Self-driving cars. Optimized healthcare. Digital personal assistants that know your next purchase before you even make it. In the past decade, machine learning has revolutionized the way in which we interact with our world. As with any technology, its application is bounded not just by human ingenuity, but also human intent. For instance, artificial intelligence has made possible the advent of precision medicine, targeting specific treatments based on a patient’s genetic makeup, medical history, and lifestyle data, and potentially saving thousands of lives. On the other hand, such technology has been used with less virtuous goals in mind. Recall Cambridge Analytica’s attempts to sway the 2016 election with data from Facebook. At the end of the day, machine learning is a tool. When used wisely, this technology can shape our world for the better.
Here in the Center for Conservation Innovation at Defenders, we wondered if and how we can leverage machine learning to protect wildlife and conserve the habitat on which endangered species depend. We believe machine learning may be useful for environmental compliance. The efficacy of environmental laws, such as the Clean Air Act, the Clean Water Act, and the Endangered Species Act (ESA), depends on our ability to enforce them. Although Congress has established agencies to this end, not enough resources are allocated to detect, let alone pursue, every violation of environmental laws. That’s where environmental NGOs step in.
But, the burden of monitoring each species has become more and more costly, especially in recent years. As the number of threatened species has increased, the amount of federal resources allocated for the maintenance of the Endangered Species Act has stagnated (see Figure 1).
In hopes of combating this challenge, Defenders is creating convolutional neural networks (CNNs), a type of machine learning often used for image classification, to better monitor the habitat of endangered species. These networks make use of the same algorithms in facial recognition technology. The basic framework of a CNN consists of an input layer (the image), an output layer (the classification), and multiple hidden layers that are connected to each other like the synapses of neurons. The hidden layers incorporate a stack of three modules, each performing a different mathematical operation. The most important is the convolution layer, which convolves a filter with specific parameters across each band of the image — red, green, and blue — by taking the product of the input and the filter. Through convolving, the layer extracts a mathematical representation of the image. Just as the neurons in our brain can learn to distinguish one feature from another, so too can a neural network. Through hundreds of thousands of training runs, the hidden layers update their parameters to recognize the target feature.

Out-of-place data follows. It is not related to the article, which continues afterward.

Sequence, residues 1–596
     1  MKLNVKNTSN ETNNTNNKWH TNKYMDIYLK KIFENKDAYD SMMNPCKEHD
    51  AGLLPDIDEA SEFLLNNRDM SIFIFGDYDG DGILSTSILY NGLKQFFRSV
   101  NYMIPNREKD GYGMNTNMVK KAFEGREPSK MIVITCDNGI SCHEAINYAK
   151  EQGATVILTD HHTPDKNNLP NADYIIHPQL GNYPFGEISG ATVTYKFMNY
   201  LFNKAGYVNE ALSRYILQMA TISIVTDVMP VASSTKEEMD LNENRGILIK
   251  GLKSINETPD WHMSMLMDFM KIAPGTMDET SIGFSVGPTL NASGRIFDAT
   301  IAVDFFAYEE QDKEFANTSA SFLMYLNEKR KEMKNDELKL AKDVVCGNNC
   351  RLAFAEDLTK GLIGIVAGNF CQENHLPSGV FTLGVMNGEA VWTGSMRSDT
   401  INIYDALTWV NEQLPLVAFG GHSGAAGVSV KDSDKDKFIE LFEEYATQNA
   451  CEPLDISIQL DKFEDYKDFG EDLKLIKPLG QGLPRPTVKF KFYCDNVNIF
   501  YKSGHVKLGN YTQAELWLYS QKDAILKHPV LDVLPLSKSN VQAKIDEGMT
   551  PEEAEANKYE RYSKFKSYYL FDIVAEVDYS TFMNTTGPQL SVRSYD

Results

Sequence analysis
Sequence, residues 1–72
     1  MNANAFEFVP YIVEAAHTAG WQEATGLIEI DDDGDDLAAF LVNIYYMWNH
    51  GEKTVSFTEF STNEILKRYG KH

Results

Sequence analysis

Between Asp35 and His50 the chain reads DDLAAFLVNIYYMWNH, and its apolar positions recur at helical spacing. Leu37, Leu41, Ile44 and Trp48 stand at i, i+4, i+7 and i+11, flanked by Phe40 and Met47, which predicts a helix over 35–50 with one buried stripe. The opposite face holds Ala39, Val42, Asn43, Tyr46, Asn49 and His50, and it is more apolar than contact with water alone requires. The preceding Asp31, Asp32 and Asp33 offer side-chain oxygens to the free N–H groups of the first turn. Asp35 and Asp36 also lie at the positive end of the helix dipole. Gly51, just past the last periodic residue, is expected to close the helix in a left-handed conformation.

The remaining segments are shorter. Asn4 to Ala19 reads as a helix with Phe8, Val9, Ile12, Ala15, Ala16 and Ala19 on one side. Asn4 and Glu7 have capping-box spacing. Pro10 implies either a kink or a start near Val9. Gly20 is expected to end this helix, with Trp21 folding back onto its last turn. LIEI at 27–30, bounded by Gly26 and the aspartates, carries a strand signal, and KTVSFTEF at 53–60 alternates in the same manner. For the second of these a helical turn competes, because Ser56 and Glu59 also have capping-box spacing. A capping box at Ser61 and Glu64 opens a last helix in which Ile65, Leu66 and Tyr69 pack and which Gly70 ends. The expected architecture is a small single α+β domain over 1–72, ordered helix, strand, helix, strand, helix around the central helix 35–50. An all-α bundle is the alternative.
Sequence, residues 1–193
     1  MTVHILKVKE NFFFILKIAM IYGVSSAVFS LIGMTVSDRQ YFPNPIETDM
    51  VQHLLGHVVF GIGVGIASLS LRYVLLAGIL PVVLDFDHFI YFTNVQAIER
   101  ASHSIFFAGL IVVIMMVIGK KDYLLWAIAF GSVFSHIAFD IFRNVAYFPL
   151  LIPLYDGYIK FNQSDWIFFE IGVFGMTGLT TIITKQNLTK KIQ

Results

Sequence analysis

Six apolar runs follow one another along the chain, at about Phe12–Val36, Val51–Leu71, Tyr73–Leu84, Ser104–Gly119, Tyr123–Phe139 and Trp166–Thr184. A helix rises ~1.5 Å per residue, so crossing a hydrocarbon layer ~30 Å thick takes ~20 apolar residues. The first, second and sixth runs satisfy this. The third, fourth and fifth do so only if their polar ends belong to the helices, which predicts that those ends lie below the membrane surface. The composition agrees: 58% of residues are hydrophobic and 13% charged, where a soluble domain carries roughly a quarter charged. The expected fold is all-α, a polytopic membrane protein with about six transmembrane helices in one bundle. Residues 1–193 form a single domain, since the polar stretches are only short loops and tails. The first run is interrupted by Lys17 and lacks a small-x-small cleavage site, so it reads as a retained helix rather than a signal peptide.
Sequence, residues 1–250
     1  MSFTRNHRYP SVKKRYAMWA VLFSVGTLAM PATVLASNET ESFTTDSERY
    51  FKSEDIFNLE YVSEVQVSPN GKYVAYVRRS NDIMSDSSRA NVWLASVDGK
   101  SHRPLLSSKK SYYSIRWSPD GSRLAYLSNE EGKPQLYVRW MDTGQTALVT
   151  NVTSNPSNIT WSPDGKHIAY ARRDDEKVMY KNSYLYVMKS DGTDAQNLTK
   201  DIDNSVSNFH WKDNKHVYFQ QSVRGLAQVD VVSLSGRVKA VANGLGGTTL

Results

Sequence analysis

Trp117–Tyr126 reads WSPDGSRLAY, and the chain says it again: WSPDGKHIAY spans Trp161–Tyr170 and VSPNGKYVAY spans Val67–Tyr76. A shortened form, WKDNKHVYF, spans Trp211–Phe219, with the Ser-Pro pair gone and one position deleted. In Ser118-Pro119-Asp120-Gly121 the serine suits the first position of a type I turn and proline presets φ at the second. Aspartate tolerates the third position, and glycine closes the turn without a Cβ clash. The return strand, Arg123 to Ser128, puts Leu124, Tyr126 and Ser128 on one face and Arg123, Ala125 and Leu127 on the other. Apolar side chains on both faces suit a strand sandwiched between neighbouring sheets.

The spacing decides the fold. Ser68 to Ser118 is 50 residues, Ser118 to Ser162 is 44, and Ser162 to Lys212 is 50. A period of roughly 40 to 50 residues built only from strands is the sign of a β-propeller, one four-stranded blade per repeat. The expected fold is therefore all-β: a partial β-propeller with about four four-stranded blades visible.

Instead of figuring out where faces are in a selfie, we’re training CNNs to detect and map near real-time alterations to landscapes that can be seen in satellite images. For example, here is a CNN trained to find ground-mounted solar panel arrays at landscape scale, where the model has outlined the panels. These results can then be used to update maps of the locations of large solar arrays across the landscape. With these models, we can remotely determine if construction is occurring in the habitat of an endangered species without ever having to leave the office.
Transferring machine learning to satellite imagery comes with its own challenges. Whereas photographs have only three bands, depending on the satellite sensor, satellite imagery may have a dozen or even hundreds of bands. Adapting CNNs from a typical image to multispectral satellite imagery presents a welcome challenge because it could substantially change the way that conservation laws are enforced, helping us to save wildlife.
Although we’re a long way away from replacing physical monitoring altogether, we hope that our work will make more regular monitoring for environmental compliance possible. By reducing the cost of monitoring we can keep tabs on more species and habitats, and we may be able to allocate more resources to species recovery, habitat restoration, and other areas vital for wildlife conservation.
Taylor Minich is a dual Master’s student at Duke University’s Nicholas School of the Environment interning with Defenders’ Center for Conservation Innovation focusing on machine learning and computer vision with satellite imagery.